STRESS FRACTURE OF THE FEMORAL NECK
This is a partial fracture or crack at the top of the femur bone in the hip where it attaches to the pelvis.
Stress fractures result from imbalances between the bone formation and bone resorption. When bones are put under excessive stress, such as during weight-bearing exercise, they respond by increasing the rate of new bone growth. If this growth does not equal the rate of bone resorption then a stress fracture is likely to occur.
A patient suffering this presentation will generally report that they are feeling a dull ache in the groin or deep in the hip. The onset of this pain is generally gradual over a period of weeks or months but can be acute in rare cases. It is commonly made worse by exercise, but it may also be reported as being felt during walking, rest and even at night.
This type of condition will not result in long term effects as long as it is appropriately treated and excessive pressure is not applied to the area during the recovery period.
Physiotherapy treatment is dependent on the rate and degree of the stress fracture. Treatment commonly involves providing crutches and education regarding the use of crutches in the beginning, and once healing has occurred it involves releasing tight structures, stretching, and strength training.
The piriformis is a small muscle that is situated deep in the buttock region. It originates from the sacrum and attaches to the top of the femur. Piriformis conditions are commonly thought of as buttock pain and can result on nerve symptoms down the leg.
Piriformis conditions are caused by the tightening of the piriformis muscle. This may due to a previous strain in the muscle or repetitive microtrauma to the muscle. Microtrauma is microscopic damage that occurs within the muscle, which does not usually produce any symptoms such as pain unless this occurs repetitively. This in turn leads to progressive tightening and thickening of the muscle. Stretching this tight muscle during movement then causes pain. Patients with this syndrome will also likely have an accompanying gluteus medius weakness that will need to be addressed.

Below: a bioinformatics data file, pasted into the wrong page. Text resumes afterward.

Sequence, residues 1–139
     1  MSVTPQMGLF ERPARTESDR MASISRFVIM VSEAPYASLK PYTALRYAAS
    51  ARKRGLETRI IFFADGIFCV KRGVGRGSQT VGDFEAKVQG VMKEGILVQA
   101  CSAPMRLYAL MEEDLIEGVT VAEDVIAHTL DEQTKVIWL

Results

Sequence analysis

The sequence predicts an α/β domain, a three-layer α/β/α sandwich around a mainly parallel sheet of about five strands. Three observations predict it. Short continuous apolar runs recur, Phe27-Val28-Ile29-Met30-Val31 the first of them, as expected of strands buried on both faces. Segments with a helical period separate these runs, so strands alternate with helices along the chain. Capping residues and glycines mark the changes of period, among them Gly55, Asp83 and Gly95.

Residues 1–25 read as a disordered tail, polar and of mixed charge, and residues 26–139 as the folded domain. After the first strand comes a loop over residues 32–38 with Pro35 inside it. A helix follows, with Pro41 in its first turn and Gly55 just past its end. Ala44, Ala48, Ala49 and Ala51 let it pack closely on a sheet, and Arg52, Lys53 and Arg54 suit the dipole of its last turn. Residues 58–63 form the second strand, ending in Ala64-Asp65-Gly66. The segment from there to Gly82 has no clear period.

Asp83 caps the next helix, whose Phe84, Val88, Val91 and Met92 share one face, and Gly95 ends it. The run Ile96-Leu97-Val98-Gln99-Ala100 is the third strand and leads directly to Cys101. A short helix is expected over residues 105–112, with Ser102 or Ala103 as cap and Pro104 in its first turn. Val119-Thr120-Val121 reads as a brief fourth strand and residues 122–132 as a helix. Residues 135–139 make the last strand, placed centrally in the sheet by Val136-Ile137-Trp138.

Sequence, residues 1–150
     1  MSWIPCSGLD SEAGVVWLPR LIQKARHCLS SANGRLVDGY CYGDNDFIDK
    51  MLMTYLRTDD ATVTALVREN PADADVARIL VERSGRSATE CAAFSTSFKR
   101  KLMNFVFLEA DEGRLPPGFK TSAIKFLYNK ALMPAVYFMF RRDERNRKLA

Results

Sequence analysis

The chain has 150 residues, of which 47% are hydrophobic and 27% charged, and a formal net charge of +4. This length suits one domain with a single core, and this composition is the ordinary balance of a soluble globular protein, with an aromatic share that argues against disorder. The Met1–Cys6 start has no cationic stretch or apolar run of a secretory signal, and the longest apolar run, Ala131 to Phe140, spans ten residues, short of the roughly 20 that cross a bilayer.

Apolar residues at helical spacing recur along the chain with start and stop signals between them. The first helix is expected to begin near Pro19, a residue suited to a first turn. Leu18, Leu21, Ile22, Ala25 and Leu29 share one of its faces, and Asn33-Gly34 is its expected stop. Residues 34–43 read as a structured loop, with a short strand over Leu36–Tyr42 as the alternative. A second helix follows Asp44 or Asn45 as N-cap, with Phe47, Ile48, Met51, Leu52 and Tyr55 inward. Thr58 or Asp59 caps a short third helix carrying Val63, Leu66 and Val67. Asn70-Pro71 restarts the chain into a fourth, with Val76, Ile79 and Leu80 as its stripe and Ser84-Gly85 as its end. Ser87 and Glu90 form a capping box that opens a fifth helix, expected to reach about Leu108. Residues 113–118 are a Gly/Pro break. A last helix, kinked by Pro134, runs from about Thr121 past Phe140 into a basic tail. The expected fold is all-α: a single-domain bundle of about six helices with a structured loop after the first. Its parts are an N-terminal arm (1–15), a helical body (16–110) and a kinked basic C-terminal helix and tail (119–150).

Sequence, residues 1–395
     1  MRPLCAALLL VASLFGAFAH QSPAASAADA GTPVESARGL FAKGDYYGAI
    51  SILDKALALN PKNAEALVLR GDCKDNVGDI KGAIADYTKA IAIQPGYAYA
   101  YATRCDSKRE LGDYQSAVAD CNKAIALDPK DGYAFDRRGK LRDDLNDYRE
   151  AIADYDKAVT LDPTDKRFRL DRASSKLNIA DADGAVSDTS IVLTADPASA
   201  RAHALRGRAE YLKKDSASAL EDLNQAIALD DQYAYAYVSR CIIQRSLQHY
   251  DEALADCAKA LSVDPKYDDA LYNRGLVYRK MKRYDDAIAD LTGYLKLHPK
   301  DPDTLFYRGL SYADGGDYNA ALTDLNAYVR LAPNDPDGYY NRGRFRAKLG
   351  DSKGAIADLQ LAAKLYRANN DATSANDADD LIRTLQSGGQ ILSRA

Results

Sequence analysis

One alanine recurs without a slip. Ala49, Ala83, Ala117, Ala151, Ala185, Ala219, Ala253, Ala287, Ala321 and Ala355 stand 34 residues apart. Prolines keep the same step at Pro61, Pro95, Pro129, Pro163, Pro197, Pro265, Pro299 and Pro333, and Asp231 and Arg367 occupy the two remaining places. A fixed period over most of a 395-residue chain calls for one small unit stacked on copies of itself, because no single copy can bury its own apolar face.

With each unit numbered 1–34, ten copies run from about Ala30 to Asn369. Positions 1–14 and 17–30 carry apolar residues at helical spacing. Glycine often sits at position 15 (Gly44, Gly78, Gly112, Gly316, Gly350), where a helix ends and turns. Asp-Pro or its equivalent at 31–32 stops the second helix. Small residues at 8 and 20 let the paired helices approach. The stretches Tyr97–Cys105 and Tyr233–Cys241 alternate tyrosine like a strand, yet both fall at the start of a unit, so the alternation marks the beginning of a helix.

Piriformis conditions produce pain that is felt deep in the buttock. This pain is mainly felt during hip movement or during movements of high stretch.
Physiotherapy treatment will likely involve activity modification, soft tissue massage, muscle releases, stretching, taping and electrotherapy treatment. During rehabilitation, a
progressive strength and muscle control/coordination program will also be provided. Recovery usually takes a number of days to weeks.
A hamstring muscle strain refers to a tear in one of the hamstring muscles.
A hamstring muscle strain occurs when the muscle is contracted under excessive force while in a stretched position. This commonly occurs during the starting or stopping phase of running or sprinting just before or after the foot hits the ground.
The first sensation commonly reported is sudden pain in the back of the thigh, due to damage to the muscle fibres, and some people report feeling a tearing sensation. If you have a minor strain, you may be able to continue active participation with minimal restriction; however, the pain may increase significantly as the muscle cools down following activity. At this stage, patients often report progressive tightening of the muscle and stiffening of the hip and knee. In severe cases, patients are unable to continue sporting participation and may even have difficulty walking due to excessive pain in the thigh, muscle tightness, weakness and spasm. These severe cases are also accompanied by visible swelling of the muscle.
To limit severity of this injury, you should cease exercise and seek medical treatment from your physiotherapist. The most important phase in the treatment of an injury is the first 24– 48 hours. Swelling is a necessary step of the healing process but must be controlled to avoid further injury. Patients should follow the RICE (Rest, Ice, Compression and Elevation) during this period of time. If the pain and discomfort is still present after 48 hours, make an appointment with your physiotherapist.
Most hamstring muscle strains will heal within a number of weeks, but a proportion of injuries can result in longer-term effects, depending on the degree of damage and lack of appropriate early management. Injury to surrounding structures may delay return to normal activity or result in tight and weakened hamstring muscles and increase the likelihood of reinjury to the area.
Physiotherapy treatment will initially involve decreasing pain and swelling and promoting healing. This includes electrotherapy, soft tissue massage, stretching and kinesiotaping. As treatment progresses, it will involve progression of the stretching program and implementation of a strength training program.